Posted by Jill on Tue, Sep 2, 2008 at 2:33 pm |
The Library of Congress has amazing photograph collections, and they have recently made them even easier to explore. They have added large photograph collections to flickr (the same site that we use to share some of our library photos). This is their description of what they are adding:
“We are offering two sets of digitized photos: the 1,600 color images from the Farm Security Administration/Office of War Information and 1,500+ images from the George Grantham Bain News Service. Why these photos? They have long been popular with visitors to the Library; they have no known restrictions on publication or distribution, and they have high resolution scans. We look forward to learning what kinds of tags and comments these images inspire.”
You’ll see photographs taken in Brockton, Lowell, Lawrence, New Beford, and even a photo of the Provincetown Monument. You can see a shot of Fenway taken between 1910 and 1915.
With the launch of the Library of Congress pilot, Flickr began a new initiative called “The Commons.” Cultural heritage institutions that join The Commons are sharing images from their photographic collections that have no known copyright restrictions as a way to increase awareness of these collections with the general public. For more information on The Commons, see: www.flickr.com/commons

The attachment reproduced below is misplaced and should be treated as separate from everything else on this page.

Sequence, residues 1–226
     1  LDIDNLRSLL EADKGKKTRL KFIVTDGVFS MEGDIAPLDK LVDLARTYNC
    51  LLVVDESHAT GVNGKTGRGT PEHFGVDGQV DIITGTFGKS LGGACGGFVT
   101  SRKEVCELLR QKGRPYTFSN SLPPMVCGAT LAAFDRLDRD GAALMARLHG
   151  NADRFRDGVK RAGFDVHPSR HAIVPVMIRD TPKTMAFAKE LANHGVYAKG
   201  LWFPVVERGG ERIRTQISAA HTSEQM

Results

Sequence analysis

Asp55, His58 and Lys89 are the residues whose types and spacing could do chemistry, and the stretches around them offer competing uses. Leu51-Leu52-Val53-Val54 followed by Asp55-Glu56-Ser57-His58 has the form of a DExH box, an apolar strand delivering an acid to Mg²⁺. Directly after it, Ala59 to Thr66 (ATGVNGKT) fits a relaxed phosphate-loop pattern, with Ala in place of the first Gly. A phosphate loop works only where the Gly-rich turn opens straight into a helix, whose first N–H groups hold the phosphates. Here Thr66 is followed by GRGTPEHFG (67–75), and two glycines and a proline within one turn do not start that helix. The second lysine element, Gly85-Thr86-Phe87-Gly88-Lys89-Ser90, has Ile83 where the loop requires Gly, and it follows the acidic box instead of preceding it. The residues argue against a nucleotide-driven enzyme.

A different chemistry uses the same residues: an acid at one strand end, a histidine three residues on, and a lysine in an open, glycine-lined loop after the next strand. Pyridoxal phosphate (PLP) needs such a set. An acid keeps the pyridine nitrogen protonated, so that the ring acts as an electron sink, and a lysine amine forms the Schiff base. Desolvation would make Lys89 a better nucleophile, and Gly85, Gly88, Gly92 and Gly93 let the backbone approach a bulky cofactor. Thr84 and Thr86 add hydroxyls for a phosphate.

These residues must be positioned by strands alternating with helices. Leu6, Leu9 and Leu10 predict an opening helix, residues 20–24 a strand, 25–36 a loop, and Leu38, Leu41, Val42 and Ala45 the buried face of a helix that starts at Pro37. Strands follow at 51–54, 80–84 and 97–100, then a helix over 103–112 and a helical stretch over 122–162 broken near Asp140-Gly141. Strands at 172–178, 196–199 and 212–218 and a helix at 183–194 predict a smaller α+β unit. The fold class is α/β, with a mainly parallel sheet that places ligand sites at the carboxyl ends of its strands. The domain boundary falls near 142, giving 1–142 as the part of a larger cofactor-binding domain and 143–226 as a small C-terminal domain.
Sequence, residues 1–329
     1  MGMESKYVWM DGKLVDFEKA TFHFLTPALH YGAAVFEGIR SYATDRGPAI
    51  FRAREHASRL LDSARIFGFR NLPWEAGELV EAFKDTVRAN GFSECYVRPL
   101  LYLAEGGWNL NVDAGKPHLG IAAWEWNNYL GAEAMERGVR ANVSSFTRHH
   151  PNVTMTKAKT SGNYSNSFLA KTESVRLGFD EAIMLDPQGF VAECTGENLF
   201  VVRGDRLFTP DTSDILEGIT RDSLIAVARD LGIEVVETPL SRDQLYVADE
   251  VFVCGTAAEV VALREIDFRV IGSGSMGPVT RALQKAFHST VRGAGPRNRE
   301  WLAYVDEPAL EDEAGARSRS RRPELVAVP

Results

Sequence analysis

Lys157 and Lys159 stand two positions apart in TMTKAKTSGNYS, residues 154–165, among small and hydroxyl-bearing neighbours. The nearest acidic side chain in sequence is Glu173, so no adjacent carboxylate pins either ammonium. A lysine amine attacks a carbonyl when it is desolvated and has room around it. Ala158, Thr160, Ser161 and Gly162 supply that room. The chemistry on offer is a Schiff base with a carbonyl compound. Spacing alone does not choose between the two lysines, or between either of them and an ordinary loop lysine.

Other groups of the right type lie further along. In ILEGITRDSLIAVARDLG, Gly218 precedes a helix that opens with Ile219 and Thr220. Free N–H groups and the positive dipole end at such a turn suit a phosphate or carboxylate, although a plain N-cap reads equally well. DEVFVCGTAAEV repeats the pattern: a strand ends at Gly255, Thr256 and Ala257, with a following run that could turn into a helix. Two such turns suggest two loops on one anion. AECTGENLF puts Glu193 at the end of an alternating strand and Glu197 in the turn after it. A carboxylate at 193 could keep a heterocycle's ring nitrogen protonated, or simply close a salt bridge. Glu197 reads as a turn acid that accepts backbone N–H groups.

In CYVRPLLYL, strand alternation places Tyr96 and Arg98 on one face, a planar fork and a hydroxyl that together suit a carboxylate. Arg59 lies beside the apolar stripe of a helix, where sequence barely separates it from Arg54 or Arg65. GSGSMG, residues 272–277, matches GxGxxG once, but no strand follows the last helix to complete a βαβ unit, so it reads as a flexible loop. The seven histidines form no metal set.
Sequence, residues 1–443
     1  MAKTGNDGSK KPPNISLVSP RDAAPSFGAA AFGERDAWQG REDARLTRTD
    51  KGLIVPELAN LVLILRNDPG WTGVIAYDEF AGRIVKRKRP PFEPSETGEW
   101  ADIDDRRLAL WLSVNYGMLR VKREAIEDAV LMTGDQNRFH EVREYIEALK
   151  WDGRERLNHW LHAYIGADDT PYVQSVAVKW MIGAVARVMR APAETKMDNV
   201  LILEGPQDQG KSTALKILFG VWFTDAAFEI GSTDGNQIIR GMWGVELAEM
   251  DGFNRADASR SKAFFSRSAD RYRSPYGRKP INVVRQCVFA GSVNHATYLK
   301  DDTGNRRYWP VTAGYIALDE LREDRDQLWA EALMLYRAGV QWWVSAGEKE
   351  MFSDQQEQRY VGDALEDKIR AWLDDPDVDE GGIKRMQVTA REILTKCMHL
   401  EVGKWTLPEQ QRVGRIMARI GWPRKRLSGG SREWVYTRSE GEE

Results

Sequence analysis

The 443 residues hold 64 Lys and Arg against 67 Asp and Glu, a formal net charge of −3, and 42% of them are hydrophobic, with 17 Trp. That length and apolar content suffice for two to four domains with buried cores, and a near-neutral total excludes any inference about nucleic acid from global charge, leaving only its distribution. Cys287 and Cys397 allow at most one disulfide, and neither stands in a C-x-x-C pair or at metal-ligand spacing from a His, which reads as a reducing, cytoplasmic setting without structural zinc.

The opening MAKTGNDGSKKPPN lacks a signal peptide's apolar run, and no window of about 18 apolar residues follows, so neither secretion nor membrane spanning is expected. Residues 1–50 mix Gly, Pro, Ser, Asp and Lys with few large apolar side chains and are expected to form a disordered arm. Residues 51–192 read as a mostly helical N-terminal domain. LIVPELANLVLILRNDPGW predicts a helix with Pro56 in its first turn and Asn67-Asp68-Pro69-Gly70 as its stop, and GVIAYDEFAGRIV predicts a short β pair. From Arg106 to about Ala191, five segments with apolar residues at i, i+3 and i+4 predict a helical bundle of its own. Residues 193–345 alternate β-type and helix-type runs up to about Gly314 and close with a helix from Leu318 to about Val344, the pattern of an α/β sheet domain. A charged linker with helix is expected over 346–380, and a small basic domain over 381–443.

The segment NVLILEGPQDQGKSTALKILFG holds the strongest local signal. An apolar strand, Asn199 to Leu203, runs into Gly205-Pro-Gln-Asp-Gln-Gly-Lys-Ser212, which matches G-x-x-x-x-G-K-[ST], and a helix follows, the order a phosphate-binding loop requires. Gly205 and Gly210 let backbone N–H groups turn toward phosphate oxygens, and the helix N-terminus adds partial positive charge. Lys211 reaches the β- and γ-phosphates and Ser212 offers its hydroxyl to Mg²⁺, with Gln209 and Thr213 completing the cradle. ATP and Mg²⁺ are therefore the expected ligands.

Which reminds me of a Massachusetts program called the Digital Commonwealth, featuring just collections from Massachusetts. Here is a description of that project:
“The Digital Commonwealth of Massachusetts is a portal to the rich cultural heritage held in museums, historical societies, colleges, libraries and other cultural repositories in Massachusetts. From this site you can search or browse the digital collections of member institutions throughout the state for manuscripts, images, historical documents, and sound recordings. The portal provides you with enhanced access and retrieval of information. Digital Commonwealth is currently developing a repository service that will be available to its members as a hosting option for digital content.”
They have actually created some exhibits right online using the Commonwealth collections. Most recently: Fruits of Labor: Celebrating Work and Industry in Massachusetts. Take a look.
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